Sometimes it’s okay to buy cheap survival gear, and sometimes you definitely shouldn’t. These five very important items should NEVER be bought cheap.
We prep so that we can count on our gear to get us through any situation that life might throw at us.
Power outage, natural disaster, getting lost on a camping trip, or even full blown SHTF – you name it and you can prep for it.
Being able to build the knowledge, skills, and a quality kit that you can count on is essential when stuff starts flying at the fan.
As you can see by going to Ebay or Walmart, there is no shortage of cheap survival gear on the market.
Unfortunately some of that ultra-cheapo China gear can do more harm than good, and might even get you killed.
No one is saying you NEED that $400 knife to make it either. Certainly not. Here at BeSurvival we’re all about being realistic. Like everything in life you have to find the balance.
At some point the right quality meets the right price, and that should be your goal when buying prepper gear.
Also, understand that it’s okay if you can’t afford the best gear right now. We’re all at different points in our prepper journey and sometimes cheap gear is better than no gear at all. So if second hand is all you can afford, then I understand. I was once there too. It’s how I started with prepping too.
However, know that if you err too far on the side of cheap on a few critical items you could be making a very big mistake!
There is a very good reason why quality costs more in some items. Usually it comes down to the manufacturing process and the quality control used.
Some cheap items made in mass quantities overseas is worthless. Here are a few of those items.
A good compass will always point north. A cheap compass will always point somewhere. A faulty compass can disorient you and take you far off course, causing you get get lost and end up in a life threatening situation.
A good compass is probably the most important item you can spend extra money on because unlike a cheap knife that won’t cut worth a darn, or a flashlight that won’t turn on half the time, a bad compass will pretend to operate… and point you off course.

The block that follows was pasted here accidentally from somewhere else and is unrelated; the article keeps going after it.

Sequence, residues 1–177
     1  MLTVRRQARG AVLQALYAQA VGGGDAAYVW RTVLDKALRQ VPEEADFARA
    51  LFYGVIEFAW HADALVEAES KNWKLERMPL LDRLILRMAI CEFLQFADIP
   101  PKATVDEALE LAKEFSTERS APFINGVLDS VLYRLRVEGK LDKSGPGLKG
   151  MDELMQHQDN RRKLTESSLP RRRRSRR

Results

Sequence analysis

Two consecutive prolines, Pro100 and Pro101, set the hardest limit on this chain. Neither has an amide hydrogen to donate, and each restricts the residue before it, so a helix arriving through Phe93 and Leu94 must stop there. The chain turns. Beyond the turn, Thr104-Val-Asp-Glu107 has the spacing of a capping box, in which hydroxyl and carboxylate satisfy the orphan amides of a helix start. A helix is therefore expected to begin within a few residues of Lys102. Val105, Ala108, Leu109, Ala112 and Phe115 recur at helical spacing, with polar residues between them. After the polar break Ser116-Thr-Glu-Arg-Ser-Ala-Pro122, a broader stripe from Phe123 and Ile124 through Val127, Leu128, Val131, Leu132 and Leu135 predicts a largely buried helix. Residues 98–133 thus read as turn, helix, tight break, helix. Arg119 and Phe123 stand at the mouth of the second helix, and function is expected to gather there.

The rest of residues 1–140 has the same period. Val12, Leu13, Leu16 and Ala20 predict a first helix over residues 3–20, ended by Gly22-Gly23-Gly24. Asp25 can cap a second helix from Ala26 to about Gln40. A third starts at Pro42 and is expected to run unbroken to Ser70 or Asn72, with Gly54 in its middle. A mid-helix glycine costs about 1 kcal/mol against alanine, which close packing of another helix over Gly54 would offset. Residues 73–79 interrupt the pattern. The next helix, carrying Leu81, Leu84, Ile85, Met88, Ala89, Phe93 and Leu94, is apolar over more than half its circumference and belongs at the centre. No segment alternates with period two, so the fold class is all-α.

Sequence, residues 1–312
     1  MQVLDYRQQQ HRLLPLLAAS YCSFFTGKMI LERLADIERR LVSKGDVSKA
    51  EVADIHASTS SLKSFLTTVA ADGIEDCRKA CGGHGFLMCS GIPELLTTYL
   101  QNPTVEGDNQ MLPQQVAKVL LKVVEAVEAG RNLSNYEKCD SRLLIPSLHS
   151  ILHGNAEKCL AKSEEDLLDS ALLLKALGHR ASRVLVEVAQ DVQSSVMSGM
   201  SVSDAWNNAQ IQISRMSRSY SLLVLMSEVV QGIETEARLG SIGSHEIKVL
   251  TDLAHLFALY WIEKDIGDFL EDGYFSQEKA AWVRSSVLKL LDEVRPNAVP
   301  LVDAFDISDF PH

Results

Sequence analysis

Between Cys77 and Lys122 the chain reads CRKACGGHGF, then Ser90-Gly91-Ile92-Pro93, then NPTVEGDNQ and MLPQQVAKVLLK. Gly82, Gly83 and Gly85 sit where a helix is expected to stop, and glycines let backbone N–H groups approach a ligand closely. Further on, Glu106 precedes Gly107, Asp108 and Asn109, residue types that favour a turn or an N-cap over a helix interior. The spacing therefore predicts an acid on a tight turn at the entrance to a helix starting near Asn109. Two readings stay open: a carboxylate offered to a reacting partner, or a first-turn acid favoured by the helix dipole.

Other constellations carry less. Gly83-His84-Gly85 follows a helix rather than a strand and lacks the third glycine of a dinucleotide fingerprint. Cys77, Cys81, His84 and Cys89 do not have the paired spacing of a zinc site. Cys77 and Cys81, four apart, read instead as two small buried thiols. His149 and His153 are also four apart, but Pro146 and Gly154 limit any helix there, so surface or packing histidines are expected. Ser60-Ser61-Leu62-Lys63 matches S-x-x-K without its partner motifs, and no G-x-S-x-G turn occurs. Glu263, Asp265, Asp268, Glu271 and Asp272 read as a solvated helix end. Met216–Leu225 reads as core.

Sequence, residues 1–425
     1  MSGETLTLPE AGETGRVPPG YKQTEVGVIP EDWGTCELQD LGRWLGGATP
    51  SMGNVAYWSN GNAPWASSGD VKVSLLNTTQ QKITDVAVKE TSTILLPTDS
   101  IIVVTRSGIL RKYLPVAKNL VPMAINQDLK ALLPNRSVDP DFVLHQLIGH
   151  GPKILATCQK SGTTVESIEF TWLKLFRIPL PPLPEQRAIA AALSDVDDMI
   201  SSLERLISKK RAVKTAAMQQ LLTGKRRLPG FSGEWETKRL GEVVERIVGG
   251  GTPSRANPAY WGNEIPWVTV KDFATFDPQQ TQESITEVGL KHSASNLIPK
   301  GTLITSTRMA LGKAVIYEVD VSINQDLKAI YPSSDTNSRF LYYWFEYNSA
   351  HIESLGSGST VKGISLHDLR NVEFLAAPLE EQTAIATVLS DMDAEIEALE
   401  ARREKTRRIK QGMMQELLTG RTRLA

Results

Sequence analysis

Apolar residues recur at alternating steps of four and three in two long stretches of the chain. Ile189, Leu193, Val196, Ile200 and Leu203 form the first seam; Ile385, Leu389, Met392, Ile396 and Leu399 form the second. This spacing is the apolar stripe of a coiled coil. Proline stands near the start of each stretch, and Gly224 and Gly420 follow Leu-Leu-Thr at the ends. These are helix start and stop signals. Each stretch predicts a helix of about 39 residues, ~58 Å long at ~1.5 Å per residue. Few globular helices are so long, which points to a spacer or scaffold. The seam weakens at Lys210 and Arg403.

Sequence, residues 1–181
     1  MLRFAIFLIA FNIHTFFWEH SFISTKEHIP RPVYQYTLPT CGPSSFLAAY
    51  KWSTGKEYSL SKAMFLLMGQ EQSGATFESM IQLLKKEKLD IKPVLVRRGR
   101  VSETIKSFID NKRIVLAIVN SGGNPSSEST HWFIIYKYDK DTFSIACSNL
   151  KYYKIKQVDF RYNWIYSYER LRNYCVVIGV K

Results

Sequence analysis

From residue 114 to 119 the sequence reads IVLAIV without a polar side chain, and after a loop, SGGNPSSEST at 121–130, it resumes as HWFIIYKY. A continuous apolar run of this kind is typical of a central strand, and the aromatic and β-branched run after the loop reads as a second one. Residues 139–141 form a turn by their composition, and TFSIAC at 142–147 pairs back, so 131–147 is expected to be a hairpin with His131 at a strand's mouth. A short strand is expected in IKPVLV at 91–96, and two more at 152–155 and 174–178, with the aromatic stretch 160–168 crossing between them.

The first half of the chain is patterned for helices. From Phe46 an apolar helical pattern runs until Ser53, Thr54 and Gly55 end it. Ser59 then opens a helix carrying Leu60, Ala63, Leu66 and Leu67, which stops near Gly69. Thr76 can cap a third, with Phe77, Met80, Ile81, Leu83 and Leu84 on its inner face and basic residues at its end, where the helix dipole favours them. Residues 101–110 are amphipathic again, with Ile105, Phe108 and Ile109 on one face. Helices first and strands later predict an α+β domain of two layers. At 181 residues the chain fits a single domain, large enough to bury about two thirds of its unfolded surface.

A bad compass may be slightly off or almost completely backwards, and really anywhere in between and you might not ever know.
Pro Buying Tip: Stick with a well known and trusted brand – Silva, Suunto, or Brunton are good picks. The bigger and heavier the compass, the more likely its accuracy and durability. Read the reviews before buying.
Let me repeat it again for those of you who skimmed through the intro, you do not need a high-priced ultra custom blade. For example, Morakniv makes an amazing knife for $30 that will get you through anything a dozen times over. And there are even some cheap made-in-china knives that are well made with quality steel.
However, cutting corners with your knife budget is a bad idea if you buy based on price alone. You MUST do your research if you want to buy a cheap knife, a lot of research. You need to know about different steels and how they perform long term.
Cheap blades will always cut, once or twice… After that you’ll spend fruitless time trying to sharpen steel that wasn’t made to be sharpened and it will never hold a decent edge.
Where a cheapo knife becomes really dangerous is when you put it through the rigors of true survival. Cutting day in and out, downing small trees, splitting wood, etc.
The quality of the steel is everything. Its strength, the ability to hold an edge, and the ease at which it can be resharpened are critical. Cheap knives can bend or even snap in half, quite easily too, and they will chip and dull quickly. Once dull, a cheap knife might not ever take a worthy edge again.
Pro Buying Tip: For best results stick to Swedish, German, and USA made knives. Finland, Japan, and England also make high quality knives. Buy carbon steel or a modern stainless steel mix that is specifically made for high performance and low maintenance. Full tang is highly preferred. Don’t be afraid of the “Scandi” grind, a 27 degree grind that many survivalists find quite amazing in performance and ease of sharpening.
First off, don’t ever fall for the “WOW x,xxx LUMENS!!” trap. You commonly see this on as-seen-on-tv flashlights and on Ebay.